Raiders lose coin toss, have No. 10 overall draft pick

Updated March 2, 2018 - 1:01 pm

INDIANAPOLIS — Raiders coach Jon Gruden and general manager Reggie McKenzie stood on a stage Friday afternoon, their facial expression a cross between amusement and befuddlement when told a national telecast would begin broadcasting in two minutes.

One by one, they were interviewed live on NFL Network. Each offered a playful, sarcastic response when asked about the drama set to unfold.

Then came the coin toss. And a screamed expletive from a Raiders fan in attendance.

The Raiders won’t own the No. 9 overall draft pick on April 26 after all, officially assigned the 10th selection courtesy of a coin-toss tiebreaker at the NFL scouting combine. San Francisco will choose ninth. Rod Woodson, a Pro Football Hall of Fame defensive back and alumnus of both teams, performed the flip.

McKenzie grumbled as he walked from the combine’s bench press area where the spectacle unfolded.

“This is the worst — where’s Woodson?” McKenzie joked of the team’s former secondary coach. “He’s got to figure it out to make sure it lands on the right side. That was bad by him.”

A faint breeze was felt in the room. In the joking spirit, McKenzie was asked whether or not the conditions may have affected the toss.

“Yeah, something,” McKenzie said with a laugh. “I don’t know what it was. But hey, it is what it is.”

The coin toss, all joking aside, carried obvious significance. The Raiders and San Francisco 49ers both are projected to select a first-round defender. Barring a trade, any player the Raiders covet now must slide past their Bay Area neighbor.

Meanwhile, because it lost the toss, Oakland owns an earlier second-round pick; the draft order alternates each round between teams with an identical record. The Raiders have the No. 42 overall pick (10th of second round) instead of No. 43. The coin toss represented a 50-50 chance.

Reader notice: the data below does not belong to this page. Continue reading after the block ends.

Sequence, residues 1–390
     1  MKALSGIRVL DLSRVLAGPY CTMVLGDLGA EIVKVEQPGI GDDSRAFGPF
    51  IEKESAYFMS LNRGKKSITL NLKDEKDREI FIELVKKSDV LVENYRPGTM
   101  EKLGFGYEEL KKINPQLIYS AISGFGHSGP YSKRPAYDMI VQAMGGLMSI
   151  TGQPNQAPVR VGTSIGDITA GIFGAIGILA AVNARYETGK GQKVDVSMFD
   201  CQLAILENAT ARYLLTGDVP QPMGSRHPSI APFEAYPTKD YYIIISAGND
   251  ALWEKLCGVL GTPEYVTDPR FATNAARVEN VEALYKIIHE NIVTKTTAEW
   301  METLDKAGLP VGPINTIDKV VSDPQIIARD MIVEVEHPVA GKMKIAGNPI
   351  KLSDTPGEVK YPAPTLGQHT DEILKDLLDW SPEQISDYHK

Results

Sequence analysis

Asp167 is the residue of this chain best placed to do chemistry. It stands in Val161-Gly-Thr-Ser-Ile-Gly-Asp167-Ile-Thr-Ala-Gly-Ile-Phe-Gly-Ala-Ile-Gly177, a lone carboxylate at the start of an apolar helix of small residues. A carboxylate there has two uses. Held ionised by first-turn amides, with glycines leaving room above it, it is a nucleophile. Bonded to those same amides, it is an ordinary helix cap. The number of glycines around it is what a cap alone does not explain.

It being required was far less probable.

At separate points in 2017, the Raiders owned a 6-6 record and the Niners were 1-10. To force the tiebreaker, the Raiders lost their final four games. The Niners, upon turning to quarterback Jimmy Garappolo, won their final five. Both teams also finished with a .512 strength of schedule.

A commemorative, one-of-a-kind coin was used for the toss. It featured the Raiders logo on one side and the Niners logo on the other, so no one affiliated with either club called the coin in the air. General manager John Lynch represented the Niners.

Like most aspects of the NFL, the tiebreaker procedure has evolved over the years. Ken Fiore, NFL vice president of player personnel, has overseen the event since a toss between the Green Bay Packers and Baltimore Ravens at the 1996 combine. Fiore said that he casually met with then-Packers executive Ron Wolf and Ravens exec Ozzie Newsome.

“I took a quarter out of my pocket and said, ‘Who wants to flip it?’” Fiore said. “We flipped the quarter and then wrote down (the result) on a piece of paper. Both signed that they witnessed the result. That’s the first one I did. It’s graduated a little bit from there.”

The Ravens won the toss. At No. 26 overall, they selected linebacker Ray Lewis, who will be inducted into the Pro Football Hall of Fame in August. At No. 27, the Packers selected offensive tackle John Michels. He played 24 games before knee issues forced his retirement.

This was the first tiebreaker coin toss to be televised live in NFL history. After the Niners won it, they retained the coin as a keepsake.

Contact reporter Michael Gehlken at mgehlken@reviewjournal.com. Follow @GehlkenNFL on Twitter.

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